Not that King doesn’t deserve it. In a recent interview in The New York Times, King complained that racism was getting a bad rap.
“White nationalist, white supremacist, Western civilization — how did that language become offensive?” King asked.
In response to a growing chorus of outrage, Republicans stripped King of his committee assignments. He was formally condemned by the House, and leading Republicans, including Sen. Mitch McConnell, Rep. Liz Cheney and Sen. Mitt Romney all called on King to leave office.
Of course, that’s the same Mitt Romney who in 2012 endorsed King and said that he needed him in D.C. if he was president. As a reminder, 2012 was the year that King appeared on a panel with a white supremacist and said that multiculturalism was “a tool for the Left to subdivide a culture and civilization into our own little ethnic enclaves and pit us against each other.”
That was also the same year that Romney was running against Barack Obama, whose election King had predicted would lead to “the radical Islamists, the al-Qaida, the radical Islamists and their supporters…dancing in the streets in greater numbers than they did on September 11.”
Or six years after King had called for a 12-foot border fence that should be electrified because “we do that with livestock all the time.”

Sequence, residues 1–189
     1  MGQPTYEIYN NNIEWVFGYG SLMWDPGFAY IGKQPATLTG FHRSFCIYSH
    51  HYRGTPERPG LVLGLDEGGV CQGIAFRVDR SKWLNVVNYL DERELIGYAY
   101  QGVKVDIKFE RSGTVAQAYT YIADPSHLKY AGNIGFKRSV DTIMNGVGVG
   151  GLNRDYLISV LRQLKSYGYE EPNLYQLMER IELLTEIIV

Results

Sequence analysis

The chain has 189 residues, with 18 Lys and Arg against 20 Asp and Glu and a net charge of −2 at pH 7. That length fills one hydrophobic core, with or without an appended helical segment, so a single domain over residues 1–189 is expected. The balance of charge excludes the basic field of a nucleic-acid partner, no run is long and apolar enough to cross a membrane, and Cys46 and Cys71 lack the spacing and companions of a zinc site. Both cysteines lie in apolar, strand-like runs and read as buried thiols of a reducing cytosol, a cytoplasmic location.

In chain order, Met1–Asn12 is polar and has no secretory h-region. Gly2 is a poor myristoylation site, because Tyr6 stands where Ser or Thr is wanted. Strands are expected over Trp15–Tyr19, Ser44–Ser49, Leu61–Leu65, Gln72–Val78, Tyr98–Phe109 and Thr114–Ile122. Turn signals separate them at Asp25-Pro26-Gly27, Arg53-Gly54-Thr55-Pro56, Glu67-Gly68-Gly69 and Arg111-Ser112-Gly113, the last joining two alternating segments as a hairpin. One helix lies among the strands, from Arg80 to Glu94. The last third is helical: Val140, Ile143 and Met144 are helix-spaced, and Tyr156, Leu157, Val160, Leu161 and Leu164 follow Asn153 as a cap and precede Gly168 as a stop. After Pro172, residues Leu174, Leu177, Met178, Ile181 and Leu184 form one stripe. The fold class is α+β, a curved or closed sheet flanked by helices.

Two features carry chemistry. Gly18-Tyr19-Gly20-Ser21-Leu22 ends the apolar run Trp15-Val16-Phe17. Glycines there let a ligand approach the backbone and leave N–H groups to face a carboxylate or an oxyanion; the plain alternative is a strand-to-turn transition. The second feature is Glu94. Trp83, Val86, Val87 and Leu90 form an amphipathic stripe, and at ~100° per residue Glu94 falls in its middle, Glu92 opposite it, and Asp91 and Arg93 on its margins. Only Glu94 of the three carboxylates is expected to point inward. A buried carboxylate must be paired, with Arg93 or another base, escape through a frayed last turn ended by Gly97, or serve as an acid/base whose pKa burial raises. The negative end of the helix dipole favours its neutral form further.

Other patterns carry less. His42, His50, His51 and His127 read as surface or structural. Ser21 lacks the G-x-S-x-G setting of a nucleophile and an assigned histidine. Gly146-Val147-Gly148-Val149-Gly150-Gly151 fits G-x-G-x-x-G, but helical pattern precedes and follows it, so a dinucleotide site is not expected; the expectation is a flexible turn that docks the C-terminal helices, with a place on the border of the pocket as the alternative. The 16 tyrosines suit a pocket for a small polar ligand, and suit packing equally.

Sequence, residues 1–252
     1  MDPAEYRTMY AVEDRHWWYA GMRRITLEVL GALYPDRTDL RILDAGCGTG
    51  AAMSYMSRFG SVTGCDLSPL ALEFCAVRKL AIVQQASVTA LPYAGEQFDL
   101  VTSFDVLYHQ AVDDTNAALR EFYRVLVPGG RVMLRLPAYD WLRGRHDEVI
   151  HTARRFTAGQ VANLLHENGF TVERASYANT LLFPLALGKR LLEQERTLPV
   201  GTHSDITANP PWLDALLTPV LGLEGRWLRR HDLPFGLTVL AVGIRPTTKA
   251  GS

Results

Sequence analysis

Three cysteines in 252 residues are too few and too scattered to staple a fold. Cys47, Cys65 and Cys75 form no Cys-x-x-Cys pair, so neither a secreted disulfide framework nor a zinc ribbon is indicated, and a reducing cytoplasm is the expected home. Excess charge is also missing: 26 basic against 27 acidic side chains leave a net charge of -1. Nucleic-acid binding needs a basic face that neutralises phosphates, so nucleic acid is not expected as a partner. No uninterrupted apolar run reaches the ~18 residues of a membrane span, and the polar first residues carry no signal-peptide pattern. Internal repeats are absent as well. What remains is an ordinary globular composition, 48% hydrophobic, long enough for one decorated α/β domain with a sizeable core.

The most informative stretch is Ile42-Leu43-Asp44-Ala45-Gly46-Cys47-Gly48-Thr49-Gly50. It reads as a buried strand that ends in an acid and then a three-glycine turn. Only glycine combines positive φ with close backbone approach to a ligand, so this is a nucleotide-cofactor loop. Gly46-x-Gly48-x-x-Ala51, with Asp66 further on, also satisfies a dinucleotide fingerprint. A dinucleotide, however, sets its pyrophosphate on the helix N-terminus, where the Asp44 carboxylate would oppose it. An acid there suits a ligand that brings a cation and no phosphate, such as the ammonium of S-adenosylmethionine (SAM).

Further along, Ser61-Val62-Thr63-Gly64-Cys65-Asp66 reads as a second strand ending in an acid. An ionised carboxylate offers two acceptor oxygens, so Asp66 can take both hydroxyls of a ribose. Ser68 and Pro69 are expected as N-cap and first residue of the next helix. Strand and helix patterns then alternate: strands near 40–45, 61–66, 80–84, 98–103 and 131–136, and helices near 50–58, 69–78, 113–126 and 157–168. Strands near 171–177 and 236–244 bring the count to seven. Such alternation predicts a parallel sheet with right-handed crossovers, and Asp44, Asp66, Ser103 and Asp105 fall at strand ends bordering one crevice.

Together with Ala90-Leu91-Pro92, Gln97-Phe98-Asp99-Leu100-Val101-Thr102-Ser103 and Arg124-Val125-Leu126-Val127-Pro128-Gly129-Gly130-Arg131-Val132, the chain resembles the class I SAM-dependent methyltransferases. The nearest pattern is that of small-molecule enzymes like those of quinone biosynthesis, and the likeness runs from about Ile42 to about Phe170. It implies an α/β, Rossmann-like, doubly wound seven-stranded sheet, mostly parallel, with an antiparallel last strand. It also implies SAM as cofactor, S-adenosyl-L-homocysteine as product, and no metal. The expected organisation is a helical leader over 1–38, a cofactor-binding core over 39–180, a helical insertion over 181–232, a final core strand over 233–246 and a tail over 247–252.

LGBTQ people haven’t been immune to King’s attacks. As a state legislator, he warned that legalizing marriage equality in the state would lead to Iowa becoming “a gay marriage mecca.” Right up to last year’s election, King was dabbling in homophobic comments, implying that Supreme Court Justices Elena Kagan and Sonia Sotomayor were lesbians.
King has been a dependable, knuckle-dragging right-winger for 16 years in Congress, and for six years before that as an Iowa state representative. Nothing he told the Times was any different than anything he’d said in the past.
Ironically, King’s question to the Times—how did that language become offensive?—is the very one that the GOP is facing.
After years of just shrugging King off, the party has now decided that he’s a liability. That decision was probably helped by King’s close showing last November in a district that should be a slam dunk for Republicans. And by the fact that a state party regular is ready to run for King’s seat.
In ridding itself of King, the GOP may be fooling itself into thinking it’s put the problem behind it. However, the Times story that triggered the whole controversy was a look at how King shaped the same messages now being spouted by Donald Trump–you know, the head of the Republican party.
Party leaders are invariably invertebrates whenever confronted by Trump’s own racist comments, like describing white supremacist marchers in Charlottesville as “fine people.” King is a symptom of a racist rot that riddles the GOP, which is dependent upon racial resentment to animate its base.
King is not a one-off. He’s at the far end of the spectrum, but he has plenty of company there, starting with the man at the top.
Banishing King won’t absolve the Republicans of a problem that they have been happy to live with for years. Indeed, until they keep losing elections, they won’t view it as a problem at all.